Pothos is another anxiety-proof plant recommended by Patty. ‘It’s renowned for being practically unkillable, thanks to its drought-tolerant roots and ability to thrive in even the darkest of rooms, so this is a great choice for most people. It also offers a dramatic trailing effect perfect for a statement shelf or bookcase, or for a hanging pot, or you can pot it with a moss pole and watch it climb.'

Best houseplant for nostalgia - Spider plant

A bathroom windowsill with a spider plant

(Image credit: Future PLC/David Giles)

Psychologists say that a sense of familiarity can help us to feel comforted and secure – it’s why nostalgiacore has been a hit for those seeking a relief from overwhelm and uncertainty. For plant lovers, the good news is that your favourite houseplant can bring the same sense of wellbeing.

Spider plants are a timeless indoor plant that has been popular for decades. ‘You might even remember your parents or grandparents owning one. These plants are easily recognisable by their arching leaves and spider-like plantlet babies that hang from long stems. For many, spider plants evoke fond memories of seeing them in their childhood homes or schools, making them a sentimental choice for some,’ says Julian Palphramand from British Garden Centres.

Hortology’s Henry Davenport also selects the spider plant as a safe bet for invoking nostalgia. But he advises that the experience is inherently personal, so you’ll need to think back to the plants that filled your childhood home, or that you associate with a happy tie in your life.

‘I remember the huge, dust-covered leaves of the rubber plant that sat in my school's primary school foyer, and the tropical sprawl of a particularly impressive monstera deliciosa in the glass house at the local botanic gardens,’ Henry says. 

Best houseplant for comforting - Philodendron and Peperomia

Open shelves in kitchen with multicoloured crockery and houseplant

(Image credit: Future PLC / David Giles)

The weeping fig may have come top for promoting feelings of comfort and security in the RHS study, but it doesn’t get the vote of Henry Davenport. ‘The idea was that plants with rounded leaves appeared the most beautiful, relaxing and uplifting to the biggest number of people. But if you’ve ever owned a weeping fig, you know the rate of leaf loss often leaves you feeling less than secure and comforted,’ he says. Instead, he recommends Philodendron and Peperomia.

‘Species like Philodendron and Peperomia are a far better choice as they have rounded lush leaves, but most importantly, they’re easy to care for. Feel secure and comfortable safe in the knowledge your houseplants are going to remain looking lush without a huge amount of input.’

Best houseplant for air quality - Aloe Vera, Peace Lilly, Pothos

Aloe vera plants on wooden shelf

(Image credit: Future PLC/David Giles)

All houseplants will play a part in improving the atmosphere in your home, but there are some that are renowned as the best air-purifying indoor plants including Aloe Vera, Peace Lilly and Pothos.

‘Aloe plants are also great for improving air quality,’ says Patty Willems from elho. 'They release oxygen into the atmosphere and absorb carbon dioxide, as well as filtering a range of other toxins such as carbon monoxide, making it another great plant for improving air quality in the home.’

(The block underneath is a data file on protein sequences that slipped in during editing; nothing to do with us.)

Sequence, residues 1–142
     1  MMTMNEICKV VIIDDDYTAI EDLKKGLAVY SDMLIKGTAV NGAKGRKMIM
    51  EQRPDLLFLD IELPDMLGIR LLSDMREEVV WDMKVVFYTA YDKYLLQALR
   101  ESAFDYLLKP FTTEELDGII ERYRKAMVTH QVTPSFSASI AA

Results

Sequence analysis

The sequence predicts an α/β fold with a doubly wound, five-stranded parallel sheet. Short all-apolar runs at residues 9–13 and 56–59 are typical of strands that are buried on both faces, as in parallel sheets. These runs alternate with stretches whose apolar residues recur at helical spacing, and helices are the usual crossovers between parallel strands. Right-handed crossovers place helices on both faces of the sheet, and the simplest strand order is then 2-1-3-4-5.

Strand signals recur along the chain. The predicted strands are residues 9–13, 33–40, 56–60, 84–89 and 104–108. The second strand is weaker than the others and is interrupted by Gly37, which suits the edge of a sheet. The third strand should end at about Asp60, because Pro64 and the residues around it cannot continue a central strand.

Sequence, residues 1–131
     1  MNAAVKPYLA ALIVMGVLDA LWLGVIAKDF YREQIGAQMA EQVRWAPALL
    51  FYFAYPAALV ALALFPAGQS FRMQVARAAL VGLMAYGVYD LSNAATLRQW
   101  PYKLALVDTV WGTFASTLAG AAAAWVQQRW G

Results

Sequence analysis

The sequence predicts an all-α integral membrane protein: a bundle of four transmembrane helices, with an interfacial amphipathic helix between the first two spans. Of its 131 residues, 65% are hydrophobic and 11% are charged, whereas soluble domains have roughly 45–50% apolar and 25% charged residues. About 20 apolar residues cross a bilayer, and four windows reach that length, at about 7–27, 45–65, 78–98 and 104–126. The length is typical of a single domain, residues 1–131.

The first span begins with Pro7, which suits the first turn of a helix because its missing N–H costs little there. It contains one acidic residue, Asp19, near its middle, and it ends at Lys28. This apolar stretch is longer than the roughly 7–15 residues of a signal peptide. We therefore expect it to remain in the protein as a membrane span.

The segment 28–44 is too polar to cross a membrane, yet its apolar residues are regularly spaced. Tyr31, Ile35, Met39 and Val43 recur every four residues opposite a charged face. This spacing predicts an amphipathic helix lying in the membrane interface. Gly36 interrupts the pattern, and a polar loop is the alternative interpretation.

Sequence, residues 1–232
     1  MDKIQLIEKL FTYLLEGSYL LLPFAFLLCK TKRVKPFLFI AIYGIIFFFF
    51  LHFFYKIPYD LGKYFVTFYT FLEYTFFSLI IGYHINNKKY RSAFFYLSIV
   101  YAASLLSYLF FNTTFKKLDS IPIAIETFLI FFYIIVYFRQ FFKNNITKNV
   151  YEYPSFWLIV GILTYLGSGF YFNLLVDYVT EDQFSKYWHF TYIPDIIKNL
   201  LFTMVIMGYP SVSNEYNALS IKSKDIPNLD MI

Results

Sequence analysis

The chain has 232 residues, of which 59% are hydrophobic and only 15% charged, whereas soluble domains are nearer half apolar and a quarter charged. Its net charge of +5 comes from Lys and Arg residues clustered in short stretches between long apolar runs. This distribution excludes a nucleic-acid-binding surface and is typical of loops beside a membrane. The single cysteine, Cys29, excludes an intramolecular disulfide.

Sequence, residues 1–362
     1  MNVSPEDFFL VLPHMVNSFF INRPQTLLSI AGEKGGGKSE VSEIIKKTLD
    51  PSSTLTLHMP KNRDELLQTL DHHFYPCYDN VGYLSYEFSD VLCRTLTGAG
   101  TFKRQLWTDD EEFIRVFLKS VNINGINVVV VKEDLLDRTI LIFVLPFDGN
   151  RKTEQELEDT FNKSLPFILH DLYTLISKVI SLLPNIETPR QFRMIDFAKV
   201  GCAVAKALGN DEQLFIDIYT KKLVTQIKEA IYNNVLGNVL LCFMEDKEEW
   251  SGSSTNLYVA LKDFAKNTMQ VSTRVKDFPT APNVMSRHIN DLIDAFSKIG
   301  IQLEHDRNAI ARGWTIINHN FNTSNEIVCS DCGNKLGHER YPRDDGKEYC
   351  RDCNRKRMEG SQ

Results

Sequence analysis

The Peace Lily is another of Patty’s choices. ‘The peace lily is one of the top houseplants for removing harsh chemicals from the air, absorbing airborne toxins through their leaves, before sending them down the plant to the roots, where they are broken down and absorbed back into the soil.'

Henry Davenport is a fan of the Pothos. ‘This resilient vine is excellent at removing toxins like formaldehyde, benzene and xylene from the air, helps to catch dust particles and is good at regulating humidity,’ says Henry Davenport from Hortology. ‘Easy to grow, propagate and style in multiple ways, it truly is a must-have in any home. 

‘If air purification is high on your list of desirables, it's a good idea to think about what kind of problems you're having to select the most suitable plants,’ Henry continues. 

‘If it’s too dry or damp, look for plants that will regulate humidity, like ferns, palms and ivy. If it’s dusty, go for plants that lower dust levels, like Zamioculcas zamiifolia or rubber plant that have large surface areas to catch dust that can then easily be wiped off. If polluted or stale air is the problem, go for plants that remove Volatile Organic Compounds (VOCs) that naturally build up in modern homes from furniture, car exhausts and breathing without proper ventilation.’

If there’s one thing that’s better than an individual plant to boost your wellbeing, it’s an entire houseplant collection.

‘Take the time to collect and curate your favourite species, find perfect plant pots, style them, water them, clean them, and maintain them,’ Henry Davenport says. 

‘Nothing immerses you in the mindful and meditative practice of owning houseplants quite like committing to multiple types. Start with a few easy-care varieties and as your confidence increases, you can begin to add more and more.’

Andrea Childs

Andrea began her journalism career at Ideal Home and is currently Editor of our sister title, Country Homes & Interiors, which celebrates modern country style. Andrea is passionate about colour and how it can transform both our homes and our sense of wellbeing, and has completed The Power of Colour course with the prestigious KLC School of Design. Andrea's career spans interiors magazines, women's lifestyle titles and newspapers. After her first job at Ideal Home, she moved on to women's magazines, Options and Frank. From there it was on to the launch of Red magazine, where she stayed for 10 years and became Assistant Editor. She then shifted into freelancing, and spent 14 years writing for everyone from The Telegraph to The Sunday Times, Livingetc, Stylist and Woman & Home. She was then offered the job as Editor of Country Homes & Interiors, and now combines that role with writing for